Royal Philharmonic Society honours 'life-changing' musicians
The Royal Philharmonic Society (RPS) has announced that it will award its most prestigious honour to five musicians to mark its 200th birthday.
The recipients, who include British viola player Rosemary Nalden and pianist Ricardo Castro, will be given an honorary membership.
The society, which has only given out 131 memberships in the past 187 years, said the musicians had all made a "profound difference" with their work.
They will receive the awards on 14 May.
Former pilot Armand Diangienda, who founded a symphony orchestra in Kinshasa in the Democratic Republic of Congo, is among those to be honoured.
Rosemary Nalden will be recognised for her work in a stringed instrument school in Soweto, South Africa. Ricardo Castro founded a youth music programme in Brazil.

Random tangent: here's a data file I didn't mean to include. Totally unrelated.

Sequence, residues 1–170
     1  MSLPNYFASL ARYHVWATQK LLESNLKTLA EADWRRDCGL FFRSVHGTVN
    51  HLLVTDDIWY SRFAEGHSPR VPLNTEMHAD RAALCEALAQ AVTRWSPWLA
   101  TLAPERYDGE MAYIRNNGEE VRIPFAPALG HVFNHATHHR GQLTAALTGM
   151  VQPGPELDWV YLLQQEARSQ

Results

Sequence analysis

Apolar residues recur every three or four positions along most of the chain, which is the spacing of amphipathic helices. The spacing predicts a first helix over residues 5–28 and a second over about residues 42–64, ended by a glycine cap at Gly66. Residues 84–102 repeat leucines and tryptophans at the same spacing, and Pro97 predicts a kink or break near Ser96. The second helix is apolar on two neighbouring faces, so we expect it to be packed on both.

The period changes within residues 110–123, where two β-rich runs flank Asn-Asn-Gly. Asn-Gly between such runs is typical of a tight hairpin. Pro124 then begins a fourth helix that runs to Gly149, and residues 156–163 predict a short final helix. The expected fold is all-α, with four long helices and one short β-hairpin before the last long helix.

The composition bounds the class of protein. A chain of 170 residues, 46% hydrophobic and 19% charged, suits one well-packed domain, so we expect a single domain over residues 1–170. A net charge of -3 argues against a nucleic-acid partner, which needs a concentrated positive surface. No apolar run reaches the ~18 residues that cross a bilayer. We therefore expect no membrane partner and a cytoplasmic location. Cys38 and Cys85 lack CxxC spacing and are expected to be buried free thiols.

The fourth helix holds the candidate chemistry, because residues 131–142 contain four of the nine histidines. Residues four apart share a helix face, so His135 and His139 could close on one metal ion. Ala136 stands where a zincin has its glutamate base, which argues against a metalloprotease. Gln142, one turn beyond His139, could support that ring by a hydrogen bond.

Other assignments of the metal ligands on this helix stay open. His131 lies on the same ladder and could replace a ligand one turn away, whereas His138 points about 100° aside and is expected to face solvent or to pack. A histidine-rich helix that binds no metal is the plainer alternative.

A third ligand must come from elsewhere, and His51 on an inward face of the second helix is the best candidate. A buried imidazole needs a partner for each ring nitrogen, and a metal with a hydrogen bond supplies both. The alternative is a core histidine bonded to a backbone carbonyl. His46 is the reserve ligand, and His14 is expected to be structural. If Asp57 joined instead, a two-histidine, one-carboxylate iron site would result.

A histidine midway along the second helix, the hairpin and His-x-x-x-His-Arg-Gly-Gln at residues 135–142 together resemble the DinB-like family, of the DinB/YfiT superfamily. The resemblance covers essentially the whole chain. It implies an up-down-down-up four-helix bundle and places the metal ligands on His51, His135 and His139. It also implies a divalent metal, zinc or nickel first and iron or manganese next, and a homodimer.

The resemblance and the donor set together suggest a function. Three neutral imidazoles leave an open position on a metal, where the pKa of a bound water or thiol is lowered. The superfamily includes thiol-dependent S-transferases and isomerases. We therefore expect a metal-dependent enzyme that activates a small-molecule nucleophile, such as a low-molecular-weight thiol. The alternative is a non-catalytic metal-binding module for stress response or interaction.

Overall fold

Dr Ahmad Sarmast, who set up the Afghanistan National Institute of Music, and violinist Aaron P Dworkin, will also receive honorary memberships.
RPS chairman John Gilhooly said the musicians were chosen because they "understand the fundamental importance of culture in society and its potential to change lives".
"Each has shown tenacity and vision, and each is driven by a 'love of their art' which is very much in keeping with the founding principles of the RPS," he added.
The RPS was formed in 1813 and the first honorary membership was awarded in 1826.
The society's annual Music Awards, which honour musicians, composers, writers and arts organisations, are described by organisers as "the highest recognition for live classical music in the UK".
This year sees the young musicians who performed at the London 2012 Olympic Games Opening Ceremony competing for the learning and participation prize.
Welsh opera star Bryn Terfel is among the big names nominated in the singer category, alongside the English mezzo-sopranos Alice Coote and Sarah Connolly and the US tenor Bryan Hymel.
BBC Radio 3's Sara Mohr-Pietsch and Sean Rafferty will host the ceremony, which will be broadcast on the station on 19 May.